Funding should be made available for consultation and communication. The report recommends that the government should make funding available to local authorities and Transport for London so that they can engage residents meaningfully over LTNs and support those who are most impacted by their introduction.
LTNs are part of the solution to reducing private car use and should be introduced alongside other complementary measures. The report recommends that London should develop a denser network of bike and scooter hire, car clubs, and new public transport options. The Mayor of London should also consider changing current road pricing schemes like the Congestion Charge and ULEZ to distance-based road user charging, accompanied by new charges and controls on workplace and residential parking.
Finally, the report also suggests developing tailored support to encourage people to trade in their cars with the help of scrappage schemes and vouchers that could include public transport, bike, scooter (for hire or purchase), or car club memberships.
Nicolas Bosetti, Head of Data and Insight at Centre for London, said:
“Government, City Hall and local authorities are to be applauded for helping more people to walk and cycle and use cars less. This is critical for tackling congestion, making the roads safer, improving air quality and promoting more active and healthy lifestyles.
“Low traffic neighbourhoods can be very cost-effective ways to create a safer environment for walking and cycling but it doesn’t mean they should be done on the cheap. They should also be complemented by additional measures that discourage driving private cars and provide practical alternatives for both short and long journeys. That means funding for better looking streets, protected cycle lanes and complementary measures such as car scrappage schemes and mobility credits, as well as improved public transport.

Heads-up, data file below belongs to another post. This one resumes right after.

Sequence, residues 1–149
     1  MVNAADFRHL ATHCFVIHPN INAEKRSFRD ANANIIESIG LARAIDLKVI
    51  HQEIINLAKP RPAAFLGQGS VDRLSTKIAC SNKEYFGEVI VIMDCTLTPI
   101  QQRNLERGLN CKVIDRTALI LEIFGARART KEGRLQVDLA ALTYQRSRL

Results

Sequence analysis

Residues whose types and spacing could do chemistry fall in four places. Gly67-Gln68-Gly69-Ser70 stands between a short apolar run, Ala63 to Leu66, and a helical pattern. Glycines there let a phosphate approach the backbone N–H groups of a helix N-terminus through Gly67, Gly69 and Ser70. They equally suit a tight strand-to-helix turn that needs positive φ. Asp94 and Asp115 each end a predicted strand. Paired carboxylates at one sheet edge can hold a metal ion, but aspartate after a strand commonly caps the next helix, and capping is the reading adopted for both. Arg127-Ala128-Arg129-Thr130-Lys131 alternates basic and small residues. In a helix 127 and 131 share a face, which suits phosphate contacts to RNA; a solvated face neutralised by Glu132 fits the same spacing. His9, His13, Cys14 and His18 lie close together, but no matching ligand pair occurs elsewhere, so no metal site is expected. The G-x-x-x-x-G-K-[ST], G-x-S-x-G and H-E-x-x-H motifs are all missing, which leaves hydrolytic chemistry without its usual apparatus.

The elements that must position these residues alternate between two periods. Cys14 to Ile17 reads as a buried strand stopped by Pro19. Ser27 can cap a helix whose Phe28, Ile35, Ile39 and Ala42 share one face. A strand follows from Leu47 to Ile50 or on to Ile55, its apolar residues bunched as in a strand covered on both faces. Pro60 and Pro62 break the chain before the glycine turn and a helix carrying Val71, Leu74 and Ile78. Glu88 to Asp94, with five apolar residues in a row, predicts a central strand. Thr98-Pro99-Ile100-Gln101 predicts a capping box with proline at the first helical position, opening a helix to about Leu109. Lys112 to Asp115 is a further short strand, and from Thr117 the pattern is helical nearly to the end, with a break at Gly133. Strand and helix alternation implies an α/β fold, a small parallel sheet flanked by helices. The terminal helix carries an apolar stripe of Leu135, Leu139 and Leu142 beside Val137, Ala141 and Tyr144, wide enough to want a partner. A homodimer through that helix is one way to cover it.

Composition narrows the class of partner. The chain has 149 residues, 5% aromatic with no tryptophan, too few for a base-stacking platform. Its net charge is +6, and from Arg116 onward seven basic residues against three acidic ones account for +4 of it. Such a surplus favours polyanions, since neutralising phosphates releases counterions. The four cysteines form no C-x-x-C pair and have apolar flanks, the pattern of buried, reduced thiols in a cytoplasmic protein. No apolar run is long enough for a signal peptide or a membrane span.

“We’re calling on the government to give the Mayor of London and the boroughs new powers to raise funds themselves, for the delivery of sustainable travel measures such as low-traffic neighbourhoods.
“By offering a package of measures and by consulting local people and street users in advance, local authorities can make low traffic neighbourhoods more effective, and less controversial.”
Mark Frost, Trustee of the Foundation for Integrated Transport, said:
“FIT was delighted to fund this work as part of its support for projects to reduce traffic and car dominance. Roadspace reallocation interventions like LTNs to support active travel can play an important role in that – but as the report says these need to be taken forward as part of a wider integrated sustainable transport strategy to minimise the issues that displacing traffic to main roads can cause.”
Andy Bland, Head of Sales for Southeast England and London at Enterprise Holdings, said:
“Enterprise welcomes the focus of this report on the need for integrated thinking about the future of mobility in our towns and cities. If a reduction in traffic is to be achieved, however, then people will need to have convenient, reliable and affordable forms of transport, particularly as an alternative to private car ownership.
Access to rental vehicles is an important part of that mix and Enterprise is already working with local councils and transport authorities on imaginative ways to deliver this. These include a nationwide network of car club and rental vehicles as well as support for trials of mobility credit and mobility hub projects.
We look forward to working with Transport for London and individual Boroughs to provide communities with these services as part of efforts to deliver a greener and cleaner London.”